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South Texas Poison Center

Texas Snakes


Snakes are beautiful and exciting to watch but the South Texas Poison PoisonHelp 1-800-222-1222 Center (STPC) urges caution and respect for these lovely creatures. There are many websites and local programs that can educate people about snakes. Overcoming snake phobias isn’t always easy when you are taught to fear and hate these creatures. A little reptile knowledge can be very useful in Texas -- give snakes the respect they deserve. Some interesting and educational snake websites are:

Texas is home to the following venomous snakes: the Copperhead, Cottonmouth, Rattlesnake, Western Diamondback Rattlesnake, Timber Rattlesnake, Mojave Rattlesnake, Blacktail Rattlesnake, Western Rattlesnake, Massasauga, Pygmy Rattlesnake, and Harlequin Coral Snake.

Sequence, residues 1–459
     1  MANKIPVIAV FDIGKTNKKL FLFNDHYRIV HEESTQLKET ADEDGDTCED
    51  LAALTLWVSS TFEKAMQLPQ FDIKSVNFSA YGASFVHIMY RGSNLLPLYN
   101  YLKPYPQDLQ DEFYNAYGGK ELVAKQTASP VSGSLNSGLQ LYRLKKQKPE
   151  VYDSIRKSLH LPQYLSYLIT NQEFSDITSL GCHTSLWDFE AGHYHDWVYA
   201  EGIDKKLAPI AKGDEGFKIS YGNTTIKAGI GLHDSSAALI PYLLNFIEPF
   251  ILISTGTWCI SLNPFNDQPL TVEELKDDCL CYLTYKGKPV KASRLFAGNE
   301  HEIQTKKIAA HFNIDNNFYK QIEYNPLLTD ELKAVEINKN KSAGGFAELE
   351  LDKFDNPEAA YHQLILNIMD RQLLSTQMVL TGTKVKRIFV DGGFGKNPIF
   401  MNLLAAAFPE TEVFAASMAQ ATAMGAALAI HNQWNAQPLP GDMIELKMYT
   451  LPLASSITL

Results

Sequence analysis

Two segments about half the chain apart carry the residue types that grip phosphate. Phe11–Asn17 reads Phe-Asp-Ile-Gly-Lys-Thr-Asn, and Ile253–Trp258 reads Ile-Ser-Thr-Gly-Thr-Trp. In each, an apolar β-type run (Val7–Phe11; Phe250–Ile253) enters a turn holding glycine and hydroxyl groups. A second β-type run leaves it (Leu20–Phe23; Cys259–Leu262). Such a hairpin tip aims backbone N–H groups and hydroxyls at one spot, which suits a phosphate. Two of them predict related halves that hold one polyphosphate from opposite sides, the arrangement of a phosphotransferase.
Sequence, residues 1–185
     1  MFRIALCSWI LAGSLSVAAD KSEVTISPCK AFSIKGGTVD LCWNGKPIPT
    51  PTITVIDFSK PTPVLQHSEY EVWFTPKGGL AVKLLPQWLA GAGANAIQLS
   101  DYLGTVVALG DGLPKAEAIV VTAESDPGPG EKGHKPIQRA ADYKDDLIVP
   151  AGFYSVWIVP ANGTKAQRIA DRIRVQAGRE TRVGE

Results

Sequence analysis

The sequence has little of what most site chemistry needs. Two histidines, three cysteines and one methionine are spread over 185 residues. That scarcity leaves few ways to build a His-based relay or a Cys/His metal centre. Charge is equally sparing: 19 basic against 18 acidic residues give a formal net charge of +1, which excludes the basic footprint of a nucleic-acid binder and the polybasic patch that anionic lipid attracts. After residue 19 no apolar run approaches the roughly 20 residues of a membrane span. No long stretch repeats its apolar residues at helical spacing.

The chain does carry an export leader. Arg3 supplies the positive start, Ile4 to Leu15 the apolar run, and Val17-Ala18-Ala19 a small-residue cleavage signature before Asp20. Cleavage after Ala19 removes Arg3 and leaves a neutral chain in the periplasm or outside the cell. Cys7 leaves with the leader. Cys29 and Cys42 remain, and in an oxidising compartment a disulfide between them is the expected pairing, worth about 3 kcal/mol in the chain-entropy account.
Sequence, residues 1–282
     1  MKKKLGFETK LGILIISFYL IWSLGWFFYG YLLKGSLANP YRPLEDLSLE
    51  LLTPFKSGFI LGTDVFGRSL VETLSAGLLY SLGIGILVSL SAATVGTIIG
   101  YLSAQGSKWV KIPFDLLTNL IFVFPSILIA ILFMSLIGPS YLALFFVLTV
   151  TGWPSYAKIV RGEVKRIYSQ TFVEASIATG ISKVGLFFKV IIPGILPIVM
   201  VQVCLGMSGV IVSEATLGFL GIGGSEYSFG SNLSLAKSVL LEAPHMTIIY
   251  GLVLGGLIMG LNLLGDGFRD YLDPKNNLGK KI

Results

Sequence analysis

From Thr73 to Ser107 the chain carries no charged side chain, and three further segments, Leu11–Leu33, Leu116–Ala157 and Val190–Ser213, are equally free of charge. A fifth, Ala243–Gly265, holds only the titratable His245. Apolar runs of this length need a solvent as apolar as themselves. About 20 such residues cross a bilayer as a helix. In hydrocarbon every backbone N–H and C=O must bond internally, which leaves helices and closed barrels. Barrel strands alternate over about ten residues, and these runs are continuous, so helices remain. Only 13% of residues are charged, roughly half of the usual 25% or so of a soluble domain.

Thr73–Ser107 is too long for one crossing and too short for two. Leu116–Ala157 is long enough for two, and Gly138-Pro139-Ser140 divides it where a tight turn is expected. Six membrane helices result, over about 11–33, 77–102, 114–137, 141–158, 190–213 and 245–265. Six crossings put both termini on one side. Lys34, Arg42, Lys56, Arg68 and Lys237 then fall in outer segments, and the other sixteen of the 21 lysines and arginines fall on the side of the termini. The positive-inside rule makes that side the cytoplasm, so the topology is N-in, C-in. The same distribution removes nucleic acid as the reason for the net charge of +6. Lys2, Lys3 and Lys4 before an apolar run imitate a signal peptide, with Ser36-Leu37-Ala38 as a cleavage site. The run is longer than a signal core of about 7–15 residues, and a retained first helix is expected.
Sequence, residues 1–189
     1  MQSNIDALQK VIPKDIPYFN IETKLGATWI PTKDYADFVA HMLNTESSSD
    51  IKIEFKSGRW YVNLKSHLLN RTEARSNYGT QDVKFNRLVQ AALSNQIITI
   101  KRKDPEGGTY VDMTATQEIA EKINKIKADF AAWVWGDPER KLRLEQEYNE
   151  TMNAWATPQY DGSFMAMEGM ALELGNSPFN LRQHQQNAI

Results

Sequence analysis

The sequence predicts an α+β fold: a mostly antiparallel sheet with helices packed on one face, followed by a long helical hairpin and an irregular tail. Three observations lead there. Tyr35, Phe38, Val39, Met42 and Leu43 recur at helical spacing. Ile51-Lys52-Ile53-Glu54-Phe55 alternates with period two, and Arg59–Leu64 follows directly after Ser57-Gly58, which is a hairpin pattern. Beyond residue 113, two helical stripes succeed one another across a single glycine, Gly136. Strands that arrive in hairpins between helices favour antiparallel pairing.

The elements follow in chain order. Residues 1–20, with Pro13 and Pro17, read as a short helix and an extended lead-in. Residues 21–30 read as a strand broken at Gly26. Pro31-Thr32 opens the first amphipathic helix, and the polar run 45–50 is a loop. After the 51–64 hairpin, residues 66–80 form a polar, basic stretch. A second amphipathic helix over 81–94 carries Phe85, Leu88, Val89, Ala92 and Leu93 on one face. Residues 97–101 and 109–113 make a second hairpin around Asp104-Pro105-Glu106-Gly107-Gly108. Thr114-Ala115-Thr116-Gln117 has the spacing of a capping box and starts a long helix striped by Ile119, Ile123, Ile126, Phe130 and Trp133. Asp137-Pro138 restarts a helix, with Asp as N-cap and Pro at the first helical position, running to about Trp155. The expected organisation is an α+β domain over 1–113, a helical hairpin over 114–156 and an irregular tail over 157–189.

Texas is also home to hundreds of other snakes, some of which mimic their venomous cousins. The Texas bull snake does a very realistic job of imitating a rattler -- even down to the rattling sound! A milksnake and a coral snake look alarmingly alike -- same colors but in different orders. Learn to tell the difference.


milk and coral snakes
Which is which?
The snake on the LEFT is a CORAL SNAKE. Venomous.
The snake on the RIGHT is a MILKSNAKE. Not venomous.
Look at their stripes -- remember this rhyme: Red and yellow, kill a fellow. The coral snake has red next to yellow stripes.
Red and black, friend of Jack. The milksnake has red next to black stripes.


Prevention is the key when dealing with snakes. Wear boots and heavy pants when hiking. Avoid walking in tall grass or underbrush and do not reach into rocky crevices, under logs or rocks.

Do not try to kill a snake - ANY snake, and if you see what appears to be a dead snake, do not touch it.

A snake can strike up to one hour after death.

Is the only good snake a dead snake? This and other interesting and well-written info on the Texas Snakes website.


Photos of Venomous Snakes of Texas